November Pre-K Literature
November Pre-K Literature
The Very Hungry Caterpillar
This month, in our kindergarten readiness time, we are reading The Very Hungry Caterpillar by Eric Carl. The children will follow the progress of a hungry little caterpillar that hatches out of his egg and eats his way through a varied and very large quantity of food until, full at last, he forms a cocoon around himself and goes to sleep.
Intro to book (predicting)
Before opening the book, the teacher will tell the children the title and author of the book. Without showing them the inside of the book, she will ask what they think the book is about. Predictions will be recorded, using the child’s initials to show who said what. The group will turn through the pages, without reading them. The teacher will then ask if the children have any new predictions.
Before opening the book, the teacher will tell the children the title and author of the book. The group will look at the picture of the caterpillar on the cover. Each child will say one color that they see on him. The teacher will then ask: why do you think the caterpillar is so hungry? What do they think he might want to eat? Do you know where caterpillars live? The group will go through the book and look at the different kind of foods that that the caterpillar eats. The group will then read through the book.
What do you think? (classifying/feelings)
The group will read the book together. The teacher will ask the children: would you like to be the caterpillar? Why? What would you do if you were a caterpillar? What kind of fruits would you eat? What kind of vegetables? Do you like the ending? Do you like the pictures? Do you like the holes in the book? Why do you think the book says the caterpillar ate through the foods instead of saying he just ate them? The teacher will chart the children’s answers.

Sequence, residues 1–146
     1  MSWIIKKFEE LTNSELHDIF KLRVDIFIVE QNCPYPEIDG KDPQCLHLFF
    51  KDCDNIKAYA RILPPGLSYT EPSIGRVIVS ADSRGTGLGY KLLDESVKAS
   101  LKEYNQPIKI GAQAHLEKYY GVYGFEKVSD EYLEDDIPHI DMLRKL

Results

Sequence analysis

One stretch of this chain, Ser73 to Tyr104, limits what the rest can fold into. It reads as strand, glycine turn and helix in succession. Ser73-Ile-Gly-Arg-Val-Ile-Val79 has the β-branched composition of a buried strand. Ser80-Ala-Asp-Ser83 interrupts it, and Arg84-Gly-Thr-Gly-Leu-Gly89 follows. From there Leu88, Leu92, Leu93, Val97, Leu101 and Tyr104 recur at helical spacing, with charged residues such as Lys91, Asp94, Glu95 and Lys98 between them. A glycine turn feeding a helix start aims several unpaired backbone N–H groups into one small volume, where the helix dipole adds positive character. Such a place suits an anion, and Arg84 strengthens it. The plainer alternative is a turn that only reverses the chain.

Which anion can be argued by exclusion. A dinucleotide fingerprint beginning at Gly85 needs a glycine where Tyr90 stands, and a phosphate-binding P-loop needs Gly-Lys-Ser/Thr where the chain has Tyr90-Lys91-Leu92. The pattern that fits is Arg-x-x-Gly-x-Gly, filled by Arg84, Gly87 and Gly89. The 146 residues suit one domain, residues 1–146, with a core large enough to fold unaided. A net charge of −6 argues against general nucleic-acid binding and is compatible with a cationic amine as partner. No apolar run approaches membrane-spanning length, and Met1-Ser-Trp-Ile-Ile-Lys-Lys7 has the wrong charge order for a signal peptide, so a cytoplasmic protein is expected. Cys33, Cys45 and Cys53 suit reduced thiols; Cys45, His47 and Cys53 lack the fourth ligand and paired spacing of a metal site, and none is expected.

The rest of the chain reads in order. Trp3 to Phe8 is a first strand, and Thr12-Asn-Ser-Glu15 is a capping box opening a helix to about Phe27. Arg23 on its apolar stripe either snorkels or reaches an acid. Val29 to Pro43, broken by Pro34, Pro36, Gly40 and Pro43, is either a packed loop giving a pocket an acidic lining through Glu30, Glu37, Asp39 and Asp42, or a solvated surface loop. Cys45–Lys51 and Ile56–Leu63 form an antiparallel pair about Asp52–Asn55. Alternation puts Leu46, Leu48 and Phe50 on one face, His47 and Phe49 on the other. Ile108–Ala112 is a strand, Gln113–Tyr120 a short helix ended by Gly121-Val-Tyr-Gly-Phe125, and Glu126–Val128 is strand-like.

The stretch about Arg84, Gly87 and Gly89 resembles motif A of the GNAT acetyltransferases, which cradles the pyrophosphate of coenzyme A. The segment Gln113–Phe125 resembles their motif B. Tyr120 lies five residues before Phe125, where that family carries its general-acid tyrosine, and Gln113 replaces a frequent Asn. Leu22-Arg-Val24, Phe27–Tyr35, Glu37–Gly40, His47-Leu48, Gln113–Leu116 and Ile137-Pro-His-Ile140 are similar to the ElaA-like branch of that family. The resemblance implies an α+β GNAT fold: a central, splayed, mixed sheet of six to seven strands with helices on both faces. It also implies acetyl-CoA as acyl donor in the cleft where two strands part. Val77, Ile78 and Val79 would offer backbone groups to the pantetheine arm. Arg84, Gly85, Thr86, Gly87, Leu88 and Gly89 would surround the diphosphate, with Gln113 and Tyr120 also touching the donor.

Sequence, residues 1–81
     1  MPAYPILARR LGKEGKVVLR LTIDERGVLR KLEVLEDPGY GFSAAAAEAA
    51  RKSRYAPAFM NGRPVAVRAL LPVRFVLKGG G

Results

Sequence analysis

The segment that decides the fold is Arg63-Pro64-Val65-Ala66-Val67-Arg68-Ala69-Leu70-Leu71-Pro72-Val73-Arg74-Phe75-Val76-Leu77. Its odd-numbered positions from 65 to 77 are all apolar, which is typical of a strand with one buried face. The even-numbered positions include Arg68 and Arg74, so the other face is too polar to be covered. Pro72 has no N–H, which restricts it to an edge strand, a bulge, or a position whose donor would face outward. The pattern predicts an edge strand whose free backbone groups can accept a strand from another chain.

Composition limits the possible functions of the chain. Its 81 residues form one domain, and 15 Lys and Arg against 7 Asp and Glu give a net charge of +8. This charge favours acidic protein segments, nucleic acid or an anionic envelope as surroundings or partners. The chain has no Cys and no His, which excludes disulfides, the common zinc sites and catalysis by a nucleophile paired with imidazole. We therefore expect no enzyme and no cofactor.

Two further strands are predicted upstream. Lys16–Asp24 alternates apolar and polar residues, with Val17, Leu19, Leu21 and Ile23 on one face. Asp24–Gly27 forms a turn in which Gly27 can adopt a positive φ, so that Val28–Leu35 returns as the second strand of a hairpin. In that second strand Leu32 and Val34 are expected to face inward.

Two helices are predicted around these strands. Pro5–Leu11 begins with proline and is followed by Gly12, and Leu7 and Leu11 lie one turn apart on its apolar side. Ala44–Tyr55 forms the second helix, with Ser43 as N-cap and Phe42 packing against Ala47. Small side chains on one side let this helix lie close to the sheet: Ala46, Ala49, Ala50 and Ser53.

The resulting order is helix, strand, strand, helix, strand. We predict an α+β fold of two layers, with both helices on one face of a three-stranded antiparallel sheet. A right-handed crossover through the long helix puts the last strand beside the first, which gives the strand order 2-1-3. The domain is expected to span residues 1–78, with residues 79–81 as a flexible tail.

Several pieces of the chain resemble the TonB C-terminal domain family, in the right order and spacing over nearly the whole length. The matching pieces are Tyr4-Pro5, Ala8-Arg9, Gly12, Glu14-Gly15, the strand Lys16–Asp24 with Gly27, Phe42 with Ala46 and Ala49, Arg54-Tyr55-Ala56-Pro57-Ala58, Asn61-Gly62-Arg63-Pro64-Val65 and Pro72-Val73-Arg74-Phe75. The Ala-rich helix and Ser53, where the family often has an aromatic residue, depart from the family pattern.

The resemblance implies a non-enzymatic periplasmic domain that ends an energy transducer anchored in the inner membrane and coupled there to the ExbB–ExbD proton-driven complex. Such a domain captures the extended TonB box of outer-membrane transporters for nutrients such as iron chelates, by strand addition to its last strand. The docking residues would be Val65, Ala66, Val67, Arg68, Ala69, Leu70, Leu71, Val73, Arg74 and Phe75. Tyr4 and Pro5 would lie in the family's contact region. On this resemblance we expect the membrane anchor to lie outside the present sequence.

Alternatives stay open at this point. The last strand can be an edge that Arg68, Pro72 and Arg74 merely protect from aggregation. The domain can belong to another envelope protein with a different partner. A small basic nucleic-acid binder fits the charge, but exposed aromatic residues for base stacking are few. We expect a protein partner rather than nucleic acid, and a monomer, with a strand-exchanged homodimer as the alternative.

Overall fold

Days of the week
As the teacher reads through the book, she will write the days of the week for everyone to see. The group will read the list together and count the words on the list. She will ask the children how many days are in a week.
The group will graph which foods in the book are their favorite. The teacher will put two fruit sorters on the graph mat and have the children choose which one they like best. They can use a beanbag to “vote” with by putting their beanbag by the red fruit, the yellow fruit, etc. The group will discuss which fruits are the most liked/least liked/no one liked (zero).
If you were a caterpillar (feelings/dictation)
The teacher will ask the children if they were a caterpillar where would they like to live. Who would be their friends? What would they eat? What would their name be? Do caterpillars have names? How long would it take them to spin a cocoon? The teacher will chart the children’s answers on paper and display.
One/More than One (Charting)
The teacher will make a chart with two columns, labeling them “One” and “More than One”. As the teacher reads through the story, she will write the name of the food under the correct column.
Who said it (listening)
The teacher will record the children reading the story. Each child read a page.